EXPERIENCING THE PROCESS OF COMPOSING A KUNGFU SET
Combat Application Set Against Boxing — Sun Moon Manifest Glory<
First there were kungfu patterns, which were the crystallization of actual fighting movements. Suitable patterns were linked in some meaningful ways to form sequences, and sequences linked to form sets. The composition of these sequences and sets was guided by certain combat considerations.
One major consideration was to arrange suitable patterns into appropriate sequences to meet certain categories of opponents. Participants of the Special Shaolin Kungfu Course of September 2005 in Malaysia had the opportunity to relive, albeit in a highly abbreviated manner, such a process in kungfu development. The result is the “Sun Moon Manifest Glory Set”, devised for counters against Boxers.
“Sun Moon Manifest Glory” is the collective effort of all the participants, who have benefited much from this developmental process, particularly in combat philosophy, tactics and techniques.
The name “Sun Moon Manifest Glory” is chosen for the set because it is the most representative pattern in the set. This pattern comes closest to the typical stance and movements Boxers use in fighting.
The set comprises of the combat sequences the participants have worked out earlier to counter typical Boxing attacks. Each participant takes turn to imitate typical Boxing attacks and his training partner demonstrates the kungfu counters against them, while comments are made on the strength or weakness of their choices.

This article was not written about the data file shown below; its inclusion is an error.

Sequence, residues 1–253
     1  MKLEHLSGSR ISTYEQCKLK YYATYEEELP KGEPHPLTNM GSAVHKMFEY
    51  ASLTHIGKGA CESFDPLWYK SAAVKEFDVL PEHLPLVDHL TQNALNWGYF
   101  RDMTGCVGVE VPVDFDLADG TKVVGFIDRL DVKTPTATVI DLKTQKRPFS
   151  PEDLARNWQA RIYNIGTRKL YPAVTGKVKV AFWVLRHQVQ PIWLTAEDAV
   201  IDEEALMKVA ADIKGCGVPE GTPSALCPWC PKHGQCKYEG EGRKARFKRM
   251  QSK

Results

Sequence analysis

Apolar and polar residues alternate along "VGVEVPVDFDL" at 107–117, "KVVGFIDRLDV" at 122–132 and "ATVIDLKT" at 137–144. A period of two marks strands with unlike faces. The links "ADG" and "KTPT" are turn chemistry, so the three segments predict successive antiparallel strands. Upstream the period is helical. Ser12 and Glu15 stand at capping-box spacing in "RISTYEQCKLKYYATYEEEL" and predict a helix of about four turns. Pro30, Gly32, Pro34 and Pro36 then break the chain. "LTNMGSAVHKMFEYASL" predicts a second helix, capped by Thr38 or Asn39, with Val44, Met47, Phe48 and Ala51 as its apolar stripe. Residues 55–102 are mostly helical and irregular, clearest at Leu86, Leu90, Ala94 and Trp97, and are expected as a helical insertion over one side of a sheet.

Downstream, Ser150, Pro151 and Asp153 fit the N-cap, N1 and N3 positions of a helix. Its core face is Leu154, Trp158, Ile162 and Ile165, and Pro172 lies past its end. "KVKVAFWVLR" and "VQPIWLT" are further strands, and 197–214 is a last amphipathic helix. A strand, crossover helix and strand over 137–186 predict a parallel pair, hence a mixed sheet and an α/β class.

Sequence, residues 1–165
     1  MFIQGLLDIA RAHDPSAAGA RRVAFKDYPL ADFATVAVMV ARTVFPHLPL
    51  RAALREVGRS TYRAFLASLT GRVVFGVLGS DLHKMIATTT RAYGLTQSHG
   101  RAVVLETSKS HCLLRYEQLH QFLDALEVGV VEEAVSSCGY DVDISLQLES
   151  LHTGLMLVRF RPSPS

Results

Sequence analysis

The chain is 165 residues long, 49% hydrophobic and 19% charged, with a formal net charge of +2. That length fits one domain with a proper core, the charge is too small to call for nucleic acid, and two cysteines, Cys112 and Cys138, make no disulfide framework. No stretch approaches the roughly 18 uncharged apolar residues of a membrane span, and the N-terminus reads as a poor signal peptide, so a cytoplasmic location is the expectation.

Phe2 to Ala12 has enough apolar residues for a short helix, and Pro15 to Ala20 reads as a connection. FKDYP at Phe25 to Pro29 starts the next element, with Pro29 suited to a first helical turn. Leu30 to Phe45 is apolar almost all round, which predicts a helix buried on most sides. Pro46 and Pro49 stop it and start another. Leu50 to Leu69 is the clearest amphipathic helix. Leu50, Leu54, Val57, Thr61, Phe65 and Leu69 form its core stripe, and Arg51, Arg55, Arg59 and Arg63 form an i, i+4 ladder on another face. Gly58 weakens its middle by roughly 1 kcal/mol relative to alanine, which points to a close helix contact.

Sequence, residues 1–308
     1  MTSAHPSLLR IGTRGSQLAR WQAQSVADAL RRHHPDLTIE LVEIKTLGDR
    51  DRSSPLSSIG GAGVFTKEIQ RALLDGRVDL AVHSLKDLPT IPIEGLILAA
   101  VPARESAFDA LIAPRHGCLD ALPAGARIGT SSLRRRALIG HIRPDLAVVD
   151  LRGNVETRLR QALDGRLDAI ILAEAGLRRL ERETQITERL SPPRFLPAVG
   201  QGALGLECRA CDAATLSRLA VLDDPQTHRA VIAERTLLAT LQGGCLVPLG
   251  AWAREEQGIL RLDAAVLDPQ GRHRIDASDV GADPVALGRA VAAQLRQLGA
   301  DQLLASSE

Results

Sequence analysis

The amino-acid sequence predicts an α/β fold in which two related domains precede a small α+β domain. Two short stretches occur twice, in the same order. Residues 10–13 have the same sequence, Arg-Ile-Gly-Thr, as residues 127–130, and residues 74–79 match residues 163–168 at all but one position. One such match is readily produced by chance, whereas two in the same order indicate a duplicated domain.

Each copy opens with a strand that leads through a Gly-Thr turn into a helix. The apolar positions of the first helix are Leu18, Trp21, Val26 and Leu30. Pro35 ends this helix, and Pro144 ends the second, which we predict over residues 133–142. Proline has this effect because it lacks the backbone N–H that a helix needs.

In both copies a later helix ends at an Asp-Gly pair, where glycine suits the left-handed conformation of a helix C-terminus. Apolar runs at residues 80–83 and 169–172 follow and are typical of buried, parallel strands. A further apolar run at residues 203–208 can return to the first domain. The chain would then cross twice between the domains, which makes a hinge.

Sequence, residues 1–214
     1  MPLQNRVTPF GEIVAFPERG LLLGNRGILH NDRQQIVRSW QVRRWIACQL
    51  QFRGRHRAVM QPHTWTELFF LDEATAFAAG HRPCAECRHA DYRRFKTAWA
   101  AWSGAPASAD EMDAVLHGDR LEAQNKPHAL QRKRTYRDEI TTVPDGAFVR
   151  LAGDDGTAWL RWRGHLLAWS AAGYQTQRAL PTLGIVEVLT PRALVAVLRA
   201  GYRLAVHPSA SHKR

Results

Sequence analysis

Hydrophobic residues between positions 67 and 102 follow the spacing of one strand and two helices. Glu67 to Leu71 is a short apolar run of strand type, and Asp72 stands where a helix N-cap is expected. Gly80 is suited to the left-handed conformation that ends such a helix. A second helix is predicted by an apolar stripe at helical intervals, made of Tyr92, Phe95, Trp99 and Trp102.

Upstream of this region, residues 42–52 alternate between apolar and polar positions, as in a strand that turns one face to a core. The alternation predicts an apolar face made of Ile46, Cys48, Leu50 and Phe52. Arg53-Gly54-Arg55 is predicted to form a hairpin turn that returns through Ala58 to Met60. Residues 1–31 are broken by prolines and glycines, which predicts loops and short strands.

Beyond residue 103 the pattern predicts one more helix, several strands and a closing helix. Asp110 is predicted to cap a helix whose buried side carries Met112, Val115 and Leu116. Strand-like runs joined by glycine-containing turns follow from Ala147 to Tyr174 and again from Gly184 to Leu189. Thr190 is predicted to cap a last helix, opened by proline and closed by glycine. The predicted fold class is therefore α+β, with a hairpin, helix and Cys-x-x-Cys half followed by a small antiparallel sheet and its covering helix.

The video clips in this series show some of these lessons where the “Sun Moon Manifest Glory” set was composed by participants to the Special Shaolin Kungfu Course of September 2005. The video clips are meant as a review for the participants as well as source material for other Shaolin Wahnam members to understand some processes involved in the composition of a kungfu set. The sequences can be viewed separately at Sharing Some Secrets in Counters Against a Boxer's Attacks.
Amongst kungfu patterns, “Sun Moon Manifest Glory” comes closest to the stance Boxers adopt when sparring. Innes begins the set with Boxing moves, which are stylized into kungfu forms. Sifu Markus provides the counters against these movements, using the tactic of “Sound East Strike West”, and the technique “Low Stance Arrow Punch” with the pattern “Precious Duck Swim through Lotus”.
A Boxer attacks with four continuous punches, and a kungfu exponent responds with Golden Dragon, Single Tiger and finally with a thrust kick using “White Horse Presents Hoof”, followed by a Tiger-Claw into the Boxer's face. In the next sequence the Boxer attacks with a jab and two hooks. The kungfu exponent “threads” the jab, intercepts the first hook and deflects the second hook and simultaneously counter attacks with “Double Bows Tame Tiger”.
After some explanation, it was decided to change “Precious Duck Swims through Lotus” in the defence sequence to “White Horse Turns Head” as shown in this video clip. Amongst other advantages, “White Horse” provides better control of the Boxer's movement as well as easier application of internal force.
This video clip shows Sequence 3 and the attack part of Sequence 4. In Sequence 3 the Boxer initiates with a left jab, followed by a right hook and a left hook. The kungfu exponent responds with “Golden Dragon Plays with Water”, “Immortal Emerges from Cave” and “Double Bows Tame Tiger”. In Sequence 4 the Boxer attacks with three hooks, moving his body to his right in the third hook which is similar to the kungfu pattern “Hang a Golden Star at a Corner”.